Cucumber Nutrition

Cucumbers (cucumis sativus) are a gourd member of the Cucurbitacae family (Onimisi & Ovansa, 2015). Cucumbers originated in India, but are now grown all over the world due to the fact that they can grow in a wide range of temperatures and climates (Kauser, Saeed, Ahmad, & Salam, 2012). While they are usually used as a salad vegetable, cucumbers are actually a fruit that is related to melons (Murad & Nyc, 2016). Cucumbers contain several important nutrients and bioactive non-nutrients that can provide many health benefits.


Cucumbers contain vitamins K and A (Murad & Nyc, 2016; Kauser et al., 2012). The former is important for bone health and bone formation and can be protective against osteoporosis. Vitamin K is also important for blood clotting, helping to delay CAC (coronary artery calcium), and in improving insulin sensitivity in diabetic patients (DiNicolantonio, Bhutani, & O’Keefe, 2015). Vitamin A is important for vision (especially night vision), for growth, and in improving immune responses (Olsen, 2001).

Vitamin C is found in high levels in cucumbers (Murad & Nyc, 2016). This vitamin is used by every cell in the body and is important for the growth, development, and repair of tissue ( It has been known since the 18th century that being deficient in vitamin C can lead to scurvy (Carpenter, 1988), but in recent years, it has been discovered that vitamin C is also a powerful antioxidant (and cucumbers also contain other antioxidants such as flavonoids) (Murad & Nyc, 2016).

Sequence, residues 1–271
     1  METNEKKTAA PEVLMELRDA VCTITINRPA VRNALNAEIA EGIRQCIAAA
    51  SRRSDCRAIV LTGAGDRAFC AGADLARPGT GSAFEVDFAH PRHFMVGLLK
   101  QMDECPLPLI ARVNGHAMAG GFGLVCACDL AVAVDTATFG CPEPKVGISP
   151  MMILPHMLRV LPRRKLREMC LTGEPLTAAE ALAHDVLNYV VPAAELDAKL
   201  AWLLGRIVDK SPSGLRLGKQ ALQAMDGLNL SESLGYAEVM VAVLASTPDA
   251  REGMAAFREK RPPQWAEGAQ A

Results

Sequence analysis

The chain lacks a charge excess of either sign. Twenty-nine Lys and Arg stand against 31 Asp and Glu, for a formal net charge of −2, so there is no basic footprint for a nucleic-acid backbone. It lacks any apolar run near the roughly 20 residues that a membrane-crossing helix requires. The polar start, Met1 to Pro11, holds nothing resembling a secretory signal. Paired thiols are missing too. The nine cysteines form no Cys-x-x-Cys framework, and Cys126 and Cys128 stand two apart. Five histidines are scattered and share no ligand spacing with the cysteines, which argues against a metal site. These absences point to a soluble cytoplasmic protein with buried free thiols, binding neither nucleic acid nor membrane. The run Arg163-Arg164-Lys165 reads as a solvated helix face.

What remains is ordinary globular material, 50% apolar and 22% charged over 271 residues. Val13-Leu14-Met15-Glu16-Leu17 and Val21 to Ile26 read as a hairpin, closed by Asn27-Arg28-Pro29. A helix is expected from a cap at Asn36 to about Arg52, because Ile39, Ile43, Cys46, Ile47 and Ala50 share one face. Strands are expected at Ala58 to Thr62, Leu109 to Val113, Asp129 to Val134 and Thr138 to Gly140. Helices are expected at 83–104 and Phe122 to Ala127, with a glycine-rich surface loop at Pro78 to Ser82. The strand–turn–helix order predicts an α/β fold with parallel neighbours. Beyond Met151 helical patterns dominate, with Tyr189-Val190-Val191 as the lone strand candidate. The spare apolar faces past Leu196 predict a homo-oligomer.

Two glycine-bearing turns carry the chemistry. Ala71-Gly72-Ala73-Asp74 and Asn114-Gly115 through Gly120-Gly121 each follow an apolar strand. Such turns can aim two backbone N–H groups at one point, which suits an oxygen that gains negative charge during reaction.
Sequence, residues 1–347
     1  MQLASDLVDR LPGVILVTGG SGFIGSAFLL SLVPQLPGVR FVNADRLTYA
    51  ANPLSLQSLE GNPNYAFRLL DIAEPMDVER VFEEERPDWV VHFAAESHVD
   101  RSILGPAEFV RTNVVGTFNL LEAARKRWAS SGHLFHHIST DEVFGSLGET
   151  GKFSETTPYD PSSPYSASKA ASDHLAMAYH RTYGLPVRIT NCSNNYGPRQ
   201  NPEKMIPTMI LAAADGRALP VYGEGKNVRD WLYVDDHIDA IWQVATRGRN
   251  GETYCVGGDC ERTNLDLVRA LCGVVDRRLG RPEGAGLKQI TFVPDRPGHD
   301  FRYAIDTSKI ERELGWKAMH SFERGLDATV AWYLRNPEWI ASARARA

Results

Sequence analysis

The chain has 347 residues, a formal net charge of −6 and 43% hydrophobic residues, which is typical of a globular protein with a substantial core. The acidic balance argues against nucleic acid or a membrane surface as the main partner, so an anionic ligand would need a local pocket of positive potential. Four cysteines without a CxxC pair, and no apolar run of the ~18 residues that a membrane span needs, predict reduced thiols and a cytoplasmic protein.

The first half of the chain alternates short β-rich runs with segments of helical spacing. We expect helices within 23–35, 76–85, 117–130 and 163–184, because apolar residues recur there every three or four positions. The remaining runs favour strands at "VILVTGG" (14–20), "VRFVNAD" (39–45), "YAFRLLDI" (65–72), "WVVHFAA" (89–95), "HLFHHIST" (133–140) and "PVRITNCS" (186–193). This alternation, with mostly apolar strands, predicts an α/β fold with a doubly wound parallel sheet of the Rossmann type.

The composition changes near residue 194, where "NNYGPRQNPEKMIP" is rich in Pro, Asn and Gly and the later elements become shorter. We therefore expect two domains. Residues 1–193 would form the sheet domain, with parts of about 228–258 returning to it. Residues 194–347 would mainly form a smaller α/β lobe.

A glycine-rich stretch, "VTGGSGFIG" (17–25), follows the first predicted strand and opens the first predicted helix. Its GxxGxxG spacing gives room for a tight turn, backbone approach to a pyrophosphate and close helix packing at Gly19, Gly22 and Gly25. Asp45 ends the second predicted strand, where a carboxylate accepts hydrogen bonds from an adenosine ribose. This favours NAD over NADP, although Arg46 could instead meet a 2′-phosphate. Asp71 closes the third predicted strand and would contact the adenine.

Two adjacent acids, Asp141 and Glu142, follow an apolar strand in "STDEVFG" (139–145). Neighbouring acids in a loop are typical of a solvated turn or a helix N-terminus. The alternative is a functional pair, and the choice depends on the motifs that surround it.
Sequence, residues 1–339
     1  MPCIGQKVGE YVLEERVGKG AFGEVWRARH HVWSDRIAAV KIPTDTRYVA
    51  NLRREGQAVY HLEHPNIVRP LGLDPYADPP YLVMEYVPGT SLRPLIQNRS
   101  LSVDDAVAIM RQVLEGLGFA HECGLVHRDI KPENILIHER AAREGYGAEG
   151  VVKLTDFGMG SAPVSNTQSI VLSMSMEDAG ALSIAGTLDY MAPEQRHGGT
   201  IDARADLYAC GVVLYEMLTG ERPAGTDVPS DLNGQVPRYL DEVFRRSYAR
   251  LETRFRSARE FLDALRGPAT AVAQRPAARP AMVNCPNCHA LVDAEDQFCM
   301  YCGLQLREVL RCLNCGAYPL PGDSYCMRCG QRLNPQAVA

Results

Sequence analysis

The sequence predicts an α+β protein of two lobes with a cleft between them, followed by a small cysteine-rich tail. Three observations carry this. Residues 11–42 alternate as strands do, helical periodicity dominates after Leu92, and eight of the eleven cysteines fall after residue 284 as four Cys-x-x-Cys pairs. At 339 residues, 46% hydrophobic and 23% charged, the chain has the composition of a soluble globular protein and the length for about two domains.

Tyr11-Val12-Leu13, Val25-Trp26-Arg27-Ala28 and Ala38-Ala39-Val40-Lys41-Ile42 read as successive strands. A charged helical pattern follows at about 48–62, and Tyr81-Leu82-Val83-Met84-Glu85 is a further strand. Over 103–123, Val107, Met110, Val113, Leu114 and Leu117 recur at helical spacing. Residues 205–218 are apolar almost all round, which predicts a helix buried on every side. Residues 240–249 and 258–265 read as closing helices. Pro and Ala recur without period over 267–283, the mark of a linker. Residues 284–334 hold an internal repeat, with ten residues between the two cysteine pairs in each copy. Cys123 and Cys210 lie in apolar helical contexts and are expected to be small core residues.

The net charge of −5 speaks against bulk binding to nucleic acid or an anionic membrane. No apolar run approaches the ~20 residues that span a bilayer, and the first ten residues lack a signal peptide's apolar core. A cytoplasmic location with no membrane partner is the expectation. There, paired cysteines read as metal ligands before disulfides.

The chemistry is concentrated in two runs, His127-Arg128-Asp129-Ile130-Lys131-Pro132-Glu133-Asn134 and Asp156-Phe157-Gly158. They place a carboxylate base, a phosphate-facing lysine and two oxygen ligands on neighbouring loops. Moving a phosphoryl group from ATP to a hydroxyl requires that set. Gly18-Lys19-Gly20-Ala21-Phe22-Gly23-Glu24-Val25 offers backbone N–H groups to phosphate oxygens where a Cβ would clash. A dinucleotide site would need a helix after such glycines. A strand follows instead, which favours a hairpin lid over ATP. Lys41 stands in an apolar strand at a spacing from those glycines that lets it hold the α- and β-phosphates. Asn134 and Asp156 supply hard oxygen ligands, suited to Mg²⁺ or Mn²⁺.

Free radicals can be released when the body is put under any sort of stress, including exercising, breaking down food into energy, or when being exposed to toxic chemicals (Chun & Chung, 2010). These free radicals can cause damage to cells and can cause cells to mutate. They have been linked to diseases such as some cancers, such as prostate cancer (Gaziano, Glynn, Christen, et al., 2009), cardiovascular disease (Sesso, Buring, Christen, et al., 2008), and eye diseases such as cataracts (Christen, Glynn, Chu, et al., 2008) and age-related macular degeneration (Chisten, Glynn, Chu, et a;., 2010). Antioxidants can stop the damage caused by free radicals by “scavenging them”. Vitamin C is an electron-donating molecule, so when it encounters a free radical, it can donate an electron which eliminates reactivity of the free radical (Padayatty, Katz, Wang, Eck, Kwon, Lee, et al., 2003).

They also contain large amounts of the B vitamins thiamine, niacin and riboflavin (Kauser et al., 2012). The B vitamin complex enables the release of energy from carbohydrates, nervous system functioning, the creation of haemoglobin (which enables oxygen to be transported by the blood), maintains eye, skin, and hair health, and supports the functioning of the immune system (Kennedy, 2016). Being deficient in B vitamins can lead to beriberi, which affects the heart and/or the nervous system, Wernicke-Korsakoff syndrome, which is a form of dementia, and pellagra, which is a skin and nervous system disorder, and birth defects such as spina bifida. It also increases the risk of cataracts, anaemia, diabetes, high cholesterol, and heart disease (Kennedy, 2016).